…and for cooking regular greens, I’m using beet greens because cabbage worms don’t bother the beets.

And if you aren’t a greens fan, here is a great tip: Take 5-7 leaves of whatever fall green you like. I mix them usually. Stack the leaves and roll them lengthwise. Slice into quarter inch rolls, and then chop them again so you have little pieces. Throw them into your sautéed onions and garlic and then mix them into whatever you are cooking. It ramps up nutritional value, they cook down and one hardly notices them.

sautéed veggies with chopped greens

Happy Thanksgiving. Don’t forget to count your blessings and eat your greens.

120. A Little House-Keeping

Never had much use for house keeping,
Slut’s wool gathers under the bed.
Cat hair fluffs and floats in corners;
I’d rather read and write instead.

Or wander off into the forest,
finding crumbs along the trail,
Capturing light, watching chipmunks,
Listening to leaves tell their tale…

IMG_2923.JPG

There isn’t much house-keeping happening at the cottage these days.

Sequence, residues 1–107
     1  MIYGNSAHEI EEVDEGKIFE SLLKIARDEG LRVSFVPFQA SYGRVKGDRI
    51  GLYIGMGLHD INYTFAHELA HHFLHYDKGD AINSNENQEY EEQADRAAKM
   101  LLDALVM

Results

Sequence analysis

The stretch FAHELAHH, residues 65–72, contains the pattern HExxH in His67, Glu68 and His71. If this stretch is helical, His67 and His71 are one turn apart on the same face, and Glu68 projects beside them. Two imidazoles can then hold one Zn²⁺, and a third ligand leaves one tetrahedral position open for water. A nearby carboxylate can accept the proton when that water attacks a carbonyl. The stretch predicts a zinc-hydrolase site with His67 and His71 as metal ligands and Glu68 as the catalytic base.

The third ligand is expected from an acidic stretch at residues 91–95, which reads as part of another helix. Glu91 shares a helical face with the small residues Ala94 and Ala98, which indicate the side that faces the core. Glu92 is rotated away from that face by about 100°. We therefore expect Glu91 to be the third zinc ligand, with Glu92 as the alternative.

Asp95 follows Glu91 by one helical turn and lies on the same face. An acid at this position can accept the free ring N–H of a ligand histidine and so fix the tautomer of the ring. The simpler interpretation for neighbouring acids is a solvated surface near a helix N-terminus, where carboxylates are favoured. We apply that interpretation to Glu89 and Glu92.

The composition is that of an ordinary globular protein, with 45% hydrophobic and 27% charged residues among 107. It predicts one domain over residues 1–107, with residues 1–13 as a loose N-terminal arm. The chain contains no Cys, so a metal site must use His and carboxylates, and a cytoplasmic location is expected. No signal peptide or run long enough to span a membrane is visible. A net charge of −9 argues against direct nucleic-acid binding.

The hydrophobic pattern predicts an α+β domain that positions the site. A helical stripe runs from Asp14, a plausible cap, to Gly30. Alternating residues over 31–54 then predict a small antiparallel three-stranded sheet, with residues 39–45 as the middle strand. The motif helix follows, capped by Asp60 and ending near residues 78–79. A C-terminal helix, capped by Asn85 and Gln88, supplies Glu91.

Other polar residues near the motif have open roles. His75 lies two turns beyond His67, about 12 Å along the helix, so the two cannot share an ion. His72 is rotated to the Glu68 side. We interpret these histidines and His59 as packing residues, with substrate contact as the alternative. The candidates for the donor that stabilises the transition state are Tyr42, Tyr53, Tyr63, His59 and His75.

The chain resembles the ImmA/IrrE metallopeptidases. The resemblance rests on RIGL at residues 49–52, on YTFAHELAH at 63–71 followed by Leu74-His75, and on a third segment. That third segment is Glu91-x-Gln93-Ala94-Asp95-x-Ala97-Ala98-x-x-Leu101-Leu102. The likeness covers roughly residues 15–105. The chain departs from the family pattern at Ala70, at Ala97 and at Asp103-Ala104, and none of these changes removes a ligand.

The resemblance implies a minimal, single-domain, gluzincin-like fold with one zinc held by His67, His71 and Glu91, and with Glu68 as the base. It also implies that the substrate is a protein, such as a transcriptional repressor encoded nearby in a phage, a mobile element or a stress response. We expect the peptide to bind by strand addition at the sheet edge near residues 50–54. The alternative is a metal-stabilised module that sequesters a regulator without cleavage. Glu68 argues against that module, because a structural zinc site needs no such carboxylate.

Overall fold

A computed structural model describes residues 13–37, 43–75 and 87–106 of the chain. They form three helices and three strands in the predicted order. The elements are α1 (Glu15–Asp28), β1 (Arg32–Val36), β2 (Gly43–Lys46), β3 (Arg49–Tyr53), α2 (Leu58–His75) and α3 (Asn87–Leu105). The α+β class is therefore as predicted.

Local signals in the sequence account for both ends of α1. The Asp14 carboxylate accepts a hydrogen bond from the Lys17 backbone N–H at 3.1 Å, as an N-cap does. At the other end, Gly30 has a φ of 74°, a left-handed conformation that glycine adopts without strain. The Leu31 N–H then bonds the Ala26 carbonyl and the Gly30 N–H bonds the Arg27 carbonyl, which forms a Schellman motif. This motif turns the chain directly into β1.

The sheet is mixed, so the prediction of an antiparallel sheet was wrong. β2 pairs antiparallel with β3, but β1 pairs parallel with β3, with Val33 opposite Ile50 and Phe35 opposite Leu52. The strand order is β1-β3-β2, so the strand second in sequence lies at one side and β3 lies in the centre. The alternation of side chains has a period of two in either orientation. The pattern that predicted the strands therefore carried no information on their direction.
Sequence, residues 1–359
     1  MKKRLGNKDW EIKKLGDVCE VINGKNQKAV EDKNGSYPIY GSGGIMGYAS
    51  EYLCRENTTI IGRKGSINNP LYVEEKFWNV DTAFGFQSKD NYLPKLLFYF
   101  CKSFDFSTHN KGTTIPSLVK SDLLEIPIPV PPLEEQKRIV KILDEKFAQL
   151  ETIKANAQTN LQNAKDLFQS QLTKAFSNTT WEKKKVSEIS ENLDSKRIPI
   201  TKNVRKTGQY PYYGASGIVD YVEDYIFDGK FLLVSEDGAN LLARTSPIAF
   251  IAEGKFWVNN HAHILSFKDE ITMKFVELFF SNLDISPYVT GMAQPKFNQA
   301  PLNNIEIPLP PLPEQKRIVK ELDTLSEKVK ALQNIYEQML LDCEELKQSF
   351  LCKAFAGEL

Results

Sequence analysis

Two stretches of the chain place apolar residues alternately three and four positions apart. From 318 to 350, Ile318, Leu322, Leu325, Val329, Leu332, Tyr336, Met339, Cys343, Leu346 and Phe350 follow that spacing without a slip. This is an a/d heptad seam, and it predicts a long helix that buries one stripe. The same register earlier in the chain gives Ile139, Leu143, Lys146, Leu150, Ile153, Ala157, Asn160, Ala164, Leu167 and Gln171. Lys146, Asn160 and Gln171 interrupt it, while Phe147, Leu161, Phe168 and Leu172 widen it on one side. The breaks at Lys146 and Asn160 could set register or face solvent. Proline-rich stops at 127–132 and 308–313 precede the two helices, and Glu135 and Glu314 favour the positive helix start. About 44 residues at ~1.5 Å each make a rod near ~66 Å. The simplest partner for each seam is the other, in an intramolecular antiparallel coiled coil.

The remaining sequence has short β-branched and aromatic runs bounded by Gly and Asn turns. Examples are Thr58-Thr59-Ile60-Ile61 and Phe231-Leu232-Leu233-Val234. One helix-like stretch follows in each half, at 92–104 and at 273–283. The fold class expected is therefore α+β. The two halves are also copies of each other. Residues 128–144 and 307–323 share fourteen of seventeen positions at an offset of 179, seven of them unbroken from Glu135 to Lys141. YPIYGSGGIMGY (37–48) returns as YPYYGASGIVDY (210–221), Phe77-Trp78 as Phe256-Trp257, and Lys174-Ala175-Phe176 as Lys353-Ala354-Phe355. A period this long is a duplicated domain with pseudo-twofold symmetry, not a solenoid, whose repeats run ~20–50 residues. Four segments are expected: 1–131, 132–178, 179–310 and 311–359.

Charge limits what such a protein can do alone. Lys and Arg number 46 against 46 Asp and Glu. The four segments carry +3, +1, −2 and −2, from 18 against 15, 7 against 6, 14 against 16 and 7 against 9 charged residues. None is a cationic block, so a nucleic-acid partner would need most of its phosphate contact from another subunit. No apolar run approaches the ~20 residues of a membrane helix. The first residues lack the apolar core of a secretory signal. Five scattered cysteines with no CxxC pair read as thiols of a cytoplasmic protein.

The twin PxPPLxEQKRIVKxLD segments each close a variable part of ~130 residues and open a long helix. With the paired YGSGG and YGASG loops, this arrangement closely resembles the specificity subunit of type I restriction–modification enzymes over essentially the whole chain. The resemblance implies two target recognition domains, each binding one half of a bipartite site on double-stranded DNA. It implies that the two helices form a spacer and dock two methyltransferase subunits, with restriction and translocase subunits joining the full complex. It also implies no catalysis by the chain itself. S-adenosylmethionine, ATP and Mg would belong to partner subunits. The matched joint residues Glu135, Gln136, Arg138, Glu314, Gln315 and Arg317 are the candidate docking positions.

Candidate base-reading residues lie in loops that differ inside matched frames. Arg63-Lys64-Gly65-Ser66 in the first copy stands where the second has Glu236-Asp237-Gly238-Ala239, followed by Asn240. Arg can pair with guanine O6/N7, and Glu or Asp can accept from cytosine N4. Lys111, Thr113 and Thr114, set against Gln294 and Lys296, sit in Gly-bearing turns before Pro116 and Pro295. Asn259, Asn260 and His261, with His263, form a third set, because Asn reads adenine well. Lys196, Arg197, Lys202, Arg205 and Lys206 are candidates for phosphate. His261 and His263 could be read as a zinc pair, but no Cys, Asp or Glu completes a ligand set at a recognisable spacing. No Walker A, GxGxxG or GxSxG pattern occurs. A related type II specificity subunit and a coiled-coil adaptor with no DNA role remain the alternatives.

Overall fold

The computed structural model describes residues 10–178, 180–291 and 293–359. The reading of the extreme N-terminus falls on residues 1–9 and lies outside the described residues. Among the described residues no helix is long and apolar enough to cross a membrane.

It’s a time of waiting;
a time of gathering in;
a time of accepting the darkness and lighting a candle.
November.

So this month my blog posts will change a bit.
I’m joining up with PhotoBlogging 101.

I’m going to try to improve my camera skills
by posting a photo every day,
and my written posts will come on the weekends.
For anyone who bothers to keep track of how things are done around here,
the photo posts will not be numbered.
And they will showcase the overall theme of gratitude.

Because I’m thankful.
For it all.
Even the darkness.
Gratitude is greater than sorrow.
Gratitude grasps the hope of tomorrow.

fall through the window

82. Plus ça change…the circle of life

Life in August and September has been lively: anniversaries, birthdays, the start of school, funerals, a wedding, and two houses that compete for our attention.

The start of school means back to work — organizing books, planning lessons, and this year it meant re-organizing the main section of the library after a flood last year.

Our good neighbor died suddenly in early September, and my beloved aunt died a few days ago after a long, well-lived life.  A sudden death forces us to think on priorities and the preciousness of life; the other brings unexpected memories and reminds us of the preciousness of life…

Bride and groomMy son married his love on September 14th, which would have been my Dad’s 92nd birthday. He would have been delighted! My granddaughter Olivia turned 11 on September 18th, which was my Mom and Dad’s anniversary. August 18th is our own anniversary. Our August and September calendars are circled heavily with red-letter days, both present and past. Red-letter days remind us of the preciousness of life…